When it comes to deciding between lightweight hiking shoes and high cut hiking boots, there really is no right on wrong answer. Whilst boots have traditionally been the go-to footwear for hikers since as long as boots have been in existence, recent years have seen the rise of what some would argue as a more versatile type of hiking footwear: lightweight hiking shoes. The hiking shoe vs hiking boot argument has been raging for years with highly valid points being made on both sides. But more and more people are leaning towards opting for the grippy, light footedness offered by hiking shoes. So if you’re teetering on the brink of ditching your boots and getting a bit more dynamic on your wilderness wanderings, then a look at the best lightweight hiking shoes might help you take that leap.
This quick overview of the best lightweight hiking shoes gives you a basic idea of which shoes are leading the way in the trekking and hiking world, with more detailed info on each shoe later in the article. But if you really want to understand what to look for in a great pair of hiking shoes then read on.
|Product||Features||Weight per pair||Upper||Cost|
|The North Face Ultra 109 GTX||Good support||878g||Synthetic + Gore-Tex||$|
|Merrell Moab Ventilator||Good value, breathable||680g||Synthetic/leather mix||$|
|Salomon X Ultra 2 GTX||Extremely light||595g||Synthetic/leather mix + Gore-Tex||$$$|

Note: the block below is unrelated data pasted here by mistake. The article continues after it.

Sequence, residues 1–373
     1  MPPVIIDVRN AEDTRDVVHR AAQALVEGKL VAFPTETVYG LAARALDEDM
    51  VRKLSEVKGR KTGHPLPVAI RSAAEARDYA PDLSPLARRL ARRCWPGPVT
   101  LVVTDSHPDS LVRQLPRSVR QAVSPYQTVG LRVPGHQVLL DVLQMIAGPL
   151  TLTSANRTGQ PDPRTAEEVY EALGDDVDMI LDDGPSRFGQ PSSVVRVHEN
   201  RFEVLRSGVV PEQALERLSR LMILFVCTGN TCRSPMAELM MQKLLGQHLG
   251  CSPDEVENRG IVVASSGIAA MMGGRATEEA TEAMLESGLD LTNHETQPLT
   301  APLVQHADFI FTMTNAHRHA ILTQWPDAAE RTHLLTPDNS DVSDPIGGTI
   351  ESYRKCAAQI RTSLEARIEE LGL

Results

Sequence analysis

|Keen Targhee II||Durable, good support||907g||Synthetic/leather mix||$|
|Scarpa Zen Pro||Comfortable, good toe protection||965g||Suede||$$|
|The North Face Hedgehog Fastpack GTX||Great grip||850g||Synthetic/leather mix + Gore-Tex||$|
|La Sportiva Primer Low GTX||Highly waterproof||824g||Synthetic + Gore-Tex||$$$|
|Salewa Men's Wildfire S GTX ||Breathable, custom fit||890g||Synthetic + Gore-Tex||$$$|
|Vasque Men's Mantra 2.0 GTX||Snug fit, comfortable||1020g||Leather + Gore-Tex||$$$|
|Adidas Outdoor Terrex Swift R GTX||Comfortable||737g||Synthetic + Gore-Tex||$$|
What to look for in a great pair of lightweight hiking shoes
One of the most desirable features of hiking shoes above boots is their low weight. The average pair of 2-3 season hiking boots weigh in at around 1200g (2.6lbs) per pair, and much more if you’re looking at winter boots. Whereas there are a couple of options in this review that are almost half that weight. The Salomon X Ultra 2 GTX are around 600g and the Adidas Outdoor Terrex Swift R GTX are only a little heavier. This is a big difference when you consider the number of steps you are likely to take during a full day of hiking, and the low weight is especially beneficial for those wanting to keep their pace high.
The weight of hiking shoes also makes them much more suited to a bigger range of activities. Some of the lighter options are ideal for trail running, and shoes are generally an easier and more comfortable options for just for being out and about. If your footwear is able to provide you with comfort and protection on the trail, as well as being your go-to shoe of choice in less adventurous scenarios, then leave the boots behind and save some space when packing.